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Guardians of Power: The Myth of the Liberal Media Paperback – February 1, 2006


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Product Details

  • Paperback: 241 pages
  • Publisher: Pluto Press (February 1, 2006)
  • Language: English
  • ISBN-10: 0745324827
  • ISBN-13: 978-0745324821
  • Product Dimensions: 5.3 x 0.5 x 8.4 inches
  • Shipping Weight: 11.4 ounces (View shipping rates and policies)
  • Average Customer Review: 3.7 out of 5 stars  See all reviews (3 customer reviews)
  • Amazon Best Sellers Rank: #1,839,974 in Books (See Top 100 in Books)

Editorial Reviews

Review

Regular critical analysis of the media, filling crucial gaps and correcting the distortions of ideological prisms, has never been more important. Media Lens has performed a major public service by carrying out this task with energy, insight, and care. -- Noam Chomsky I really cannot do justice to this superb, devastating book ... It is not merely excellent, it is outstanding. Buy it. Read it. Use it. -- Morning Star Online Bias can enter the news gathering system at many junctions. Edwards and Cromwell rightly point to the capitalist structures of the corporations that now own the satellites and instruct and direct the crews to various locations which interest them as corporations, and also as competitors, where being first to break the news or , say, report an exclusive story, really matters to them. The development of Media Lens may permit it soon to have the power to act as an alternative source and a correcting influence on the gross distortions in the news we receive at present. -- Henry McCubbin, The Spokesman

About the Author

David Edwards is co-founder/co-editor of Media Lens (www.medialens.org) for which he works full-time. He is author of Free to be Human (1995), The Compassionate Revolution (1998) and co-author of Guardians of Power: The Myth of the Liberal Media (Pluto, 2006).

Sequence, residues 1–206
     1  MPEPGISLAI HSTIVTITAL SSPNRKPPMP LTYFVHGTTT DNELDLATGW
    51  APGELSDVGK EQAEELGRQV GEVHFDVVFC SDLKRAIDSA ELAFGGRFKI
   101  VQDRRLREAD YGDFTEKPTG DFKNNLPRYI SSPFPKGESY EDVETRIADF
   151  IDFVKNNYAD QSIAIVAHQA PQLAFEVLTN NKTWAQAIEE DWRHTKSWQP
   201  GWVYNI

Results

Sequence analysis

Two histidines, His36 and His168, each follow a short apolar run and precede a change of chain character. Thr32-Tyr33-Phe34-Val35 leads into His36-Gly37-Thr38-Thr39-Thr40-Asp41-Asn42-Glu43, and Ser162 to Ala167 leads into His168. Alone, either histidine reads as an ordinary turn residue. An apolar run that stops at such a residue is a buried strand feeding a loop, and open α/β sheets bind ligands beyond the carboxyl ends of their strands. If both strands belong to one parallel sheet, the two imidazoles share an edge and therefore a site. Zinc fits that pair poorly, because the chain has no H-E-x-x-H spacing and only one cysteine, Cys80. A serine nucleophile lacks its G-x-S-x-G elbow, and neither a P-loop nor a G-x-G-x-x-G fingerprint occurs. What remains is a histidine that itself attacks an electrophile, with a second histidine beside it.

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Customer Reviews

3.7 out of 5 stars
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Most Helpful Customer Reviews

15 of 18 people found the following review helpful By Anthony R. Dimaggio on June 23, 2006
Format: Paperback
This book parallels very closely in terms of its ideology other classic works of media criticism on corporations and corporate media, such as The Corporation (Joel Bakan) and Manufacturing Consent (Chomsky and Herman). But whereas Chomsky's work focused on American media, this work looks at the ways in which the "liberal" media in Britain works to reinforce corporate prestige, power, and government propaganda.

The book looks at a plethora of issues, such as media coverage of the Kyoto Protocol, the Kosovo bombing, Iraqi sanctions and the 2003 invasion, among other issues.

Overall, this book is quite good, as it follows in the radical tradition of other works which point to corporate media ownership as the primary impediment to balanced reporting and critical, investigative journalism of the kind expected from media institutions.